The wave of political unrest that engulfed much of the Middle East and north Africa (MENA) has led to a dramatic reconfiguration of the region’s investment map. The Arab Spring protests, which began in December 2010, spread across several MENA countries and led to disruptions in economic activity causing FDI in the region to plummet. At the epicentre of the protests was north Africa, which witnessed significant transformations in its political and business environment.
According to greenfield investment monitor fDi Markets, FDI in north African greenfield projects declined from $23.9bn in 2010 to $13.3bn in 2011, and stands at $3.8bn for the first eight months of 2012. Yet The fDi Report 2012, released in April, found that while capital investments into the MENA region declined by 1% in 2011, the number of FDI projects grew by 16% in 2011. The World Bank offers further cause for optimism; although it predicts that FDI investments into north Africa will decline in 2012, it expects inflows to recover and increase in 2013.
Thus the picture that emerges when examining north Africa’s investment environment is a mixed one. A survey conducted by professional services firm Grant Thornton found that although the unrest had a negative impact on operations in the region, it was not necessarily deterring businesses from investing. Although 22% of respondents reported that the political unrest had a negative effect on their operations, only 10% indicated that they were less likely to do business in the region. As north Africa’s business environment undergoes significant changes, there is an understanding among investors that these shifts present new risks but also new opportunities.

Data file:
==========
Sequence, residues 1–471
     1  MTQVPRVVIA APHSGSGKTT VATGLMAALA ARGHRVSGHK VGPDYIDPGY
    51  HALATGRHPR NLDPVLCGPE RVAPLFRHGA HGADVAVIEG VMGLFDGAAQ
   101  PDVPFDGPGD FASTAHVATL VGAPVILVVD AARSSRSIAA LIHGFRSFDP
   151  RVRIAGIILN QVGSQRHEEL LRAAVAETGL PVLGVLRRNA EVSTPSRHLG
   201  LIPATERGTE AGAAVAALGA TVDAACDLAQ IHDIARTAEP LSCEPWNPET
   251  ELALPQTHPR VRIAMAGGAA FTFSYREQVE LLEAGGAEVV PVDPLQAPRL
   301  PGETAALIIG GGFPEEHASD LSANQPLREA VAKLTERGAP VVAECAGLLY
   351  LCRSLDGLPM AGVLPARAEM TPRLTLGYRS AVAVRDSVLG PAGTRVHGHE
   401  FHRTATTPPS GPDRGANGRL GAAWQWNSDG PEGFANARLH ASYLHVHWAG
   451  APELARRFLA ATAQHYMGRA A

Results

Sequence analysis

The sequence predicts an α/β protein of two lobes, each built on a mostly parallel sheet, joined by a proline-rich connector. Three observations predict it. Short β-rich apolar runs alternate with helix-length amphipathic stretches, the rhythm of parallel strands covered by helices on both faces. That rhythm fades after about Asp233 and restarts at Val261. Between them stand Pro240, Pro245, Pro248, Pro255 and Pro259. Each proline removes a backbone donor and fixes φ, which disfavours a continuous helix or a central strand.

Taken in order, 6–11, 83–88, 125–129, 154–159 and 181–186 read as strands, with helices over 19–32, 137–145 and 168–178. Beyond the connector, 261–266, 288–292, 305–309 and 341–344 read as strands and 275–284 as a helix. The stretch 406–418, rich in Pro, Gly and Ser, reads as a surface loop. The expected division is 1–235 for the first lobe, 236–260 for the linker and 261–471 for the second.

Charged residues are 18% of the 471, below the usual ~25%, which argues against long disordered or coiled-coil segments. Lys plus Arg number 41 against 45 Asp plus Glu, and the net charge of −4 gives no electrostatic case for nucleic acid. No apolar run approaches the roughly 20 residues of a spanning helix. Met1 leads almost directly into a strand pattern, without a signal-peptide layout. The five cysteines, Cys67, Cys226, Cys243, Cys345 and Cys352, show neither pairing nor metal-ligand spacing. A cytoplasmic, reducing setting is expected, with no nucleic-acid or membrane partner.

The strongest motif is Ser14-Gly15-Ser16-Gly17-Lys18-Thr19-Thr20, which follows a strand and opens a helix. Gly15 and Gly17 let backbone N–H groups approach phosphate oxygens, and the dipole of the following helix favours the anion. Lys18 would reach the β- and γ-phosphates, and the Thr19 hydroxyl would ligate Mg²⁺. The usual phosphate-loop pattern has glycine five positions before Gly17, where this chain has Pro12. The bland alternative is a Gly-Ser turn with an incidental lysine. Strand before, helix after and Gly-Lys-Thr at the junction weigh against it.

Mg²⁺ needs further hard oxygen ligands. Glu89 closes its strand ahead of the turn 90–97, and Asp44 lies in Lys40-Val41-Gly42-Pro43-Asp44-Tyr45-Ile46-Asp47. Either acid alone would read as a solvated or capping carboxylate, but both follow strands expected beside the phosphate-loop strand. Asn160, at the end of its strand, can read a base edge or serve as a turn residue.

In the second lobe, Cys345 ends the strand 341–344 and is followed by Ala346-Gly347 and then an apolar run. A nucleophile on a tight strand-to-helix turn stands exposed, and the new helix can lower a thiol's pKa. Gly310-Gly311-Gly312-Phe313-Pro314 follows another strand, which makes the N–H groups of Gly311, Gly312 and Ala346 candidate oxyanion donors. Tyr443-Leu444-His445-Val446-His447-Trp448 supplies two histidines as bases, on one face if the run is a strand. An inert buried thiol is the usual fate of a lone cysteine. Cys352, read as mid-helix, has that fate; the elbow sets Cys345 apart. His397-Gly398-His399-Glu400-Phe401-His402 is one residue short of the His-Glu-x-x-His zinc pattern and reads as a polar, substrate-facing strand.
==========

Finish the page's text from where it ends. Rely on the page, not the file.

A major consequence of the unrest in north Africa has been that markets which were previously perceived as safe FDI destinations are now being re-evaluated by investors. A notable casualty of the Arab Spring was Egypt, which has seen FDI inflows slow. fDi Markets found that in 2011 Egypt attracted $6.2bn, the highest level of greenfield FDI in the region. In the first eight months of 2012, however, it has attracted just $2.2bn.
Regime stability has emerged as a crucial component in attracting FDI. Morocco and Algeria, neither of which experienced sudden changes in political leadership during the unrest, were the only two countries in north Africa that experienced continued growth in FDI in 2011. In contrast, FDI in Egypt, Libya and Tunisia, all of which experienced regime changes in 2011, declined in the same period.
fDi Markets data reveals that the number of FDI projects in Morocco increased by 69% in 2011 when compared with 2010. The country has also received the highest number of FDI projects in north Africa in 2012 so far, attracting 32 projects in the first eight months of the year, accounting for 34% of all greenfield FDI projects in the region. The number of FDI projects in Algeria increased by 25% in 2011 when compared with 2010.
“Algeria is [one of] the most stable countries in north Africa, thus companies which have had a bit of a battering with their investments in Libya are beginning to look at Algeria with new interest,” says Lady Olga Maitland, chairman of the Algeria British Business Council.
Austria-based investment holding company Agrana highlights the significance of political stability to a company. “We run two businesses in north Africa, one in Morocco and one in Egypt,” says Johann Marihart, the company's CEO. “It was business as usual in Morocco because it was not influenced by the Arab Spring and there were no political problems. The problem was in Egypt, where we were in the midst of constructing our new plant, which was delayed by two months. For a short period of time it was difficult as the hotels were not open, the infrastructure was interrupted, so foreigners experienced difficulties living there. We delayed the [planned] construction work and sent home our employees.”